After more than 2 decades Oxfam’s school program has closed. Our commitment to tackling poverty and empowering communities continues. The resources on these pages will no longer be updated.
– September 2019.
- Learn about the disaster and what organisations like Oxfam do when they respond to emergencies
- Think critically to build empathy and understand what can be done to help, and
- Act as empathetic and responsible global citizens.
Activity 1: WebquestUsing the KWLH organiser give each student (or groups of students) one of three tasks:
- What do you know about Nepal/Vanuatu?
- What do you know about earthquakes/cyclones?
- What do you know about the Nepal earthquake/Cyclone Pam?
Activity 2: Oxfam’s responseOxfam is one of the leading non-government organisations responding to the Nepal Earthquake. We are working in seven districts in Nepal, delivering aid and supporting:
- Water, Sanitation and Hygiene (WASH): by delivering clean water, water trucks, water tanks, water pumps, pipes, wells, hygiene kits and toilets
- Emergency Shelter
- People to make a living: by providing cash vouchers, paying local people to work for us, and helping families rebuild their livelihoods.
- Video: About Oxfam Australia (YouTube)
- Video: The Bucket that saves lives (YouTube)
- Blog: Eight things that make our bucket life-changing
- Video: Oxfam’s Nepal Earthquake response – and thank you! (YouTube)
- Video: Oxfam Australia flies to Vanuatu (YouTube)
- Student activity worksheets: Hygiene Kits
- Emergency toilets: This PowerPoint presentation shows how emergency water and toilets are provided and how they work
- Nepal response snapshot: This handout about Nepal shows where Oxfam has been working since the Nepal earthquake, what it’s been doing, and how many people have been supported.
Activity 1: Lead a class discussion exploring the following questions:How are we connected to the affected country?
- Does anyone have family or friends from Nepal or Vanuatu? Has anyone travelled there? Eat food from that country at a restaurant? Who has watched movies or read books about Nepal or Vanuatu? Have we studied about these countries in class?
- How far away from the country is Australia? Can we be considered neighbours or part of the same community? If so, which community might that be?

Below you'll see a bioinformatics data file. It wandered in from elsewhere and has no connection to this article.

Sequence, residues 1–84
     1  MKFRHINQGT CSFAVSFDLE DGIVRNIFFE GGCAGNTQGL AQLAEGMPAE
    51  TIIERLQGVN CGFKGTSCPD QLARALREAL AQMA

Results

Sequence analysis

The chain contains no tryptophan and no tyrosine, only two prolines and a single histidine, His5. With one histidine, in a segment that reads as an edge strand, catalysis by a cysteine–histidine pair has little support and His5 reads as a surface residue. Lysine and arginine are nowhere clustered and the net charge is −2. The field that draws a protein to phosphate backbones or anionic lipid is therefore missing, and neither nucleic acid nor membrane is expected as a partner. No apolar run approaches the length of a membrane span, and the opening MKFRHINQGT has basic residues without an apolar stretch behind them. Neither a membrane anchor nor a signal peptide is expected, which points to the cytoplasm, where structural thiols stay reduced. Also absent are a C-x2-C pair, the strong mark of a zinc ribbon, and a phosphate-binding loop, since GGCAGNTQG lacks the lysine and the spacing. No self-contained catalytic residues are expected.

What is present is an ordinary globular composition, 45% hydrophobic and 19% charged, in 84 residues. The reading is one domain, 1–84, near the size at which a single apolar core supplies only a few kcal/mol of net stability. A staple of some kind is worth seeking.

- How are we connected as fellow human beings?
- What is our role as Australians? What is our role as a global citizen? Do they differ? If so, how?
- What are our values as Australians? What are our values as a global citizen? Do they differ? If so, how?
- Do we have any obligations or responsibilities?
- What is within our possibilities as school children? As Australians?
- What is easy? What is practical? What do we want to do? What is needed?
- How can we best support those on the ground? Use the flowchart to explore how the help we might give could reach those in need in Nepal.
- Have a Nepalese lunch — with colder weather setting in, how about some selling some delicious Nepalese food for a day, or even a week? Get your canteen, school dining room, home economics teacher or hospitality students on board! SBS Food has a list of great recipes that can be adapted by classes or canteens, including Thukpa (Nepalese chicken noodle soup), Lamb Sekuwa (skewers) and potato salads.
- Make a Money Mountain – Mount Everest, the world’s highest mountain, is in Nepal and measures 8,848 metres tall. Part of the Himalayas is also in Nepal. Can you make a Money Mountain out of coins that measures 8.85 metres tall? Or even a small mountain range from coins? Ask students to bring $2, or any spare change they have, to school. Then, using your school hall, basketball courts or a large wall etc use the coins to create the mountain outline. Attach it using sticky tape or blu tack, and you have your own Mt Everest replica!
- Casual clothes day — an oldie but a goodie, especially for those who don’t have a lot of time or organising assistance. Everyone in casual clothes gives a gold coin for the privilege.